Shortly after takeoff last Thursday, an engine on Eastern Airlines Flight 524 from Mobile, AL to Atlanta, GA blew up.
The front page story in the Mobile Press Register the next day said that “the crew heard a backfiring noise.”
But the passengers on that airplane didn’t hear a backfire. They heard an explosion.
I feel I can speak with some authority on what was heard, since the engine which blew up was about 12 feet from my head.
I hate when that happens.
Actually, it was the first time anything that serious and dangerous had happened to me on an airliner. And I always wondered what it would be like.
It was like this:
The DC-9 went roaring down the runway at full throttle just like always. You could feel when the nose lifted off and heard the thump when the other wheels left the ground. Then there were the usual hydraulic noises from the flaps. Then…
KABOOM! A noise about like an old M-80 firecracker exploding was followed by the kind of grinding mechanical sound which tells you something is disintegrating.
“S-word,” I said involuntarily.
“Head flight attendant to the front,” was the terse message over the intercom.
Oh great, I thought, now comes the part where they tell you to assume the crash position: bend over in your seat, grab your ankles and prepare to kiss your butt goodbye.
Instead, the pilot came on the intercom and said: “We have lost an engine and will be turning back. There shouldn’t be any problem, but be sure your seat belts are fastened low, and you should snug them down a little bit.”
Typical pilot understatement, I thought. If there is no problem, why are we snugging. And why are all those fire trucks waiting along the runway?
It was very quiet in the plane at that point. They shut down the offending jet engine, but not to worry … there was one left on the other side, humming smoothly as we banked back toward Mobile. You could see people anxiously looking at the emergency exits. Many people were praying.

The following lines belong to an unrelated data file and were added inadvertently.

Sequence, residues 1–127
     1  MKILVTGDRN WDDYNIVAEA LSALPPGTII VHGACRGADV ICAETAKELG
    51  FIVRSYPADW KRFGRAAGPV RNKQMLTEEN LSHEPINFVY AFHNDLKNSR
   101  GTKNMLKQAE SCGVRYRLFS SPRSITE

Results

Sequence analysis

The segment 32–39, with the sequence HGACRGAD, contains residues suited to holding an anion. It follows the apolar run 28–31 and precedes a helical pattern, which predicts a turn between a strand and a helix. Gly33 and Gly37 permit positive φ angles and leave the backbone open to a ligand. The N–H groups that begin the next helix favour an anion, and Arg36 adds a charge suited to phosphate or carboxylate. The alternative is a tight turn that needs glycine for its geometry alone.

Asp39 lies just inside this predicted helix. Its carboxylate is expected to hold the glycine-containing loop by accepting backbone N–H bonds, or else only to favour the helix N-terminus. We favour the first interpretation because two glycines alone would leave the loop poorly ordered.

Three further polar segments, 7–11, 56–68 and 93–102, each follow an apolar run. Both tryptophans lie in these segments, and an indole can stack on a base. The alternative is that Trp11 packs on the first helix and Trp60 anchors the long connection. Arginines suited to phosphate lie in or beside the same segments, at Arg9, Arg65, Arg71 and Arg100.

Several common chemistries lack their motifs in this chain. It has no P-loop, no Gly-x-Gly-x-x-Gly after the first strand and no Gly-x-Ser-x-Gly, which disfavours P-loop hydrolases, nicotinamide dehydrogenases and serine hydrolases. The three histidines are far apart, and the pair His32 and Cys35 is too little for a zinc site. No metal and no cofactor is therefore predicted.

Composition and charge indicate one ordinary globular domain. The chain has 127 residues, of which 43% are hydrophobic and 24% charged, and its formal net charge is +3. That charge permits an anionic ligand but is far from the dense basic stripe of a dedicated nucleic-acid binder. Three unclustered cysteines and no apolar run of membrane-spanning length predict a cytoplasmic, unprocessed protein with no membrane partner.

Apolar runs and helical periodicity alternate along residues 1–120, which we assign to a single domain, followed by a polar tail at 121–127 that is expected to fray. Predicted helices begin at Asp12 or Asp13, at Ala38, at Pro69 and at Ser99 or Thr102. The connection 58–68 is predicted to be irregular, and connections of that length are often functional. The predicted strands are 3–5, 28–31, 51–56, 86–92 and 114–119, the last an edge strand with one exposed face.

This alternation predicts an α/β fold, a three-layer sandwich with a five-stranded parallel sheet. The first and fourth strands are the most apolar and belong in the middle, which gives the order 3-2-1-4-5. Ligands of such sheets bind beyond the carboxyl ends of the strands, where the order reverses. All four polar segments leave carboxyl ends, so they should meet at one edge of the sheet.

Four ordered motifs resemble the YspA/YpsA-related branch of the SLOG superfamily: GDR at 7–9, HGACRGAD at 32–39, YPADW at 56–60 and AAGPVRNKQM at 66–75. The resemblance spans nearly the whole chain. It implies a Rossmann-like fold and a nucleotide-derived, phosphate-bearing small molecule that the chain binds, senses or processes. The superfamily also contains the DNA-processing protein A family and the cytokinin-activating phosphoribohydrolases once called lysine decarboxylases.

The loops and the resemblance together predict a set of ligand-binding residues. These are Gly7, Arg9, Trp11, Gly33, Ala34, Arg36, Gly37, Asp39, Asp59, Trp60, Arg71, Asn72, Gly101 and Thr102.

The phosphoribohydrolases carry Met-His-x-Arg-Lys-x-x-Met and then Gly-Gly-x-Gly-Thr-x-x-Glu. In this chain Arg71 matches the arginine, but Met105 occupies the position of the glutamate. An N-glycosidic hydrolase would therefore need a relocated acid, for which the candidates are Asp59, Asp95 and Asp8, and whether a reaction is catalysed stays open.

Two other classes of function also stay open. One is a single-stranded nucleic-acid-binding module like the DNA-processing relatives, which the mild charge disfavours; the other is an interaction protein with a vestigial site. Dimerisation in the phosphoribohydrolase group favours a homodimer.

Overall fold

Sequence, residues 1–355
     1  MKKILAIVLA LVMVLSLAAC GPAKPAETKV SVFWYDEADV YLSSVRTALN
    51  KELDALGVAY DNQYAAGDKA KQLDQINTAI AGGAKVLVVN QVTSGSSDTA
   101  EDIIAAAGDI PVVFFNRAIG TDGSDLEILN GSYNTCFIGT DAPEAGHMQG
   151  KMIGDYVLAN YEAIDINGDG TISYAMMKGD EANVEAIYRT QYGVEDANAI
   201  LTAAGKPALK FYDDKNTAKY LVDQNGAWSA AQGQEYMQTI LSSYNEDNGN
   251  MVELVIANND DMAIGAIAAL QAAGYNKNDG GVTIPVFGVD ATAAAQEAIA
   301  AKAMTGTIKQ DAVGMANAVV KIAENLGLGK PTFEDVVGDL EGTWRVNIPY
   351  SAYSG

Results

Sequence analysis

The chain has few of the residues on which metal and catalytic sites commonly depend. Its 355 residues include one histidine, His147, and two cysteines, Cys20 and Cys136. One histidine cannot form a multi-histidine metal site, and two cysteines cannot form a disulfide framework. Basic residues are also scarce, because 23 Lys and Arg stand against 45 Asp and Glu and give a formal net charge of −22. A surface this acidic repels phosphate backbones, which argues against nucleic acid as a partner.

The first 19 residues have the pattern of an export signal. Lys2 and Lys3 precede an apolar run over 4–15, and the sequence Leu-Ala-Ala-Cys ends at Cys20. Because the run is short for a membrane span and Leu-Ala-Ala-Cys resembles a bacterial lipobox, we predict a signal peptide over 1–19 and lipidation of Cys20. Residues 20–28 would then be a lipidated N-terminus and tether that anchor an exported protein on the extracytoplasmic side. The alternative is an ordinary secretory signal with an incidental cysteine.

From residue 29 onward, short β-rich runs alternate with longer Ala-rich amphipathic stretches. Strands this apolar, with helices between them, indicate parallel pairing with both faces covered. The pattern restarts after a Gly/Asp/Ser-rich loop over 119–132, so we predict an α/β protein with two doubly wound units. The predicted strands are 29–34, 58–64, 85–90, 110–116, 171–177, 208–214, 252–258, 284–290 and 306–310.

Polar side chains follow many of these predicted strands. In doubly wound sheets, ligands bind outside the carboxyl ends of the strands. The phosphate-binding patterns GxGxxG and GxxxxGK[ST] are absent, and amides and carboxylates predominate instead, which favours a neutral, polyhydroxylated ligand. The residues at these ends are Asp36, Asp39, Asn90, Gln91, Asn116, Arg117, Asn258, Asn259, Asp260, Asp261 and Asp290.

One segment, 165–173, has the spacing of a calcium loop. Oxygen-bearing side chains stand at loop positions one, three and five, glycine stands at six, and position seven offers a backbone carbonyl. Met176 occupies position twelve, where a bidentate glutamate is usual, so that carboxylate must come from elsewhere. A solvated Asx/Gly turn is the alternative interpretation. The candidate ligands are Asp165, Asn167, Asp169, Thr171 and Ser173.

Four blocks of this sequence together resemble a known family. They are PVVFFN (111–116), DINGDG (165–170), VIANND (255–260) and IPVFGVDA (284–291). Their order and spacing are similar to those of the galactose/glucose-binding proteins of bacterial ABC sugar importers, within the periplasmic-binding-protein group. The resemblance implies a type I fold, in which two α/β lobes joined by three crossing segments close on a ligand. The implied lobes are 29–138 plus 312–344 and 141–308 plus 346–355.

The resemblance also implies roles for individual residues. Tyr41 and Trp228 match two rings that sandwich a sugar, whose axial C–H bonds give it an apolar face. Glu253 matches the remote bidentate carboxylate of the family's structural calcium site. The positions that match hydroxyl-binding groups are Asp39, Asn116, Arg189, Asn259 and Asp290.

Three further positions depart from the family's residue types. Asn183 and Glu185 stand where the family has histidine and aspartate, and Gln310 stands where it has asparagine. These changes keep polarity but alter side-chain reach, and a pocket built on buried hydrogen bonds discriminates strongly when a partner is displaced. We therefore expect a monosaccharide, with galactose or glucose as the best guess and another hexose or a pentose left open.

There was a bit of a gasp when the passengers saw the fire trucks waiting for us, but our touchdown was gentle. As we rolled to a stop, there was applause, but not from me. I was just taking it all in.
As we disembarked, friends and relatives told the story as it appeared to them from the ground: They saw a big flame erupt from the right engine and heard the boom a couple of miles way. So much for the simple “backfiring noise” allegedly heard by the crew.
Anyhow, then started the lines and hassle which always accompany an airport screw-up. But the usual boredom was modified by the Mobile TV people filming and interviewing those of us who wanted to talk. I didn’t, but I made sure I got in front of the camera a couple of times so my friends in Mobile would see me on the evening news.
The DC-9 we were on was dead. And there were no more flights out that night. So Eastern paid for my motel room and gave me a ticket on the first flight Saturday morning.
That meant I had to get up at 4 a.m. But there’s nothing like an exploding jet engine to make you appreciate the privilege of waking up on yet another beautiful morning.
Jim Busek is a free-lance writer who lives in Norwalk. He can be reached via e-mail at firstname.lastname@example.org.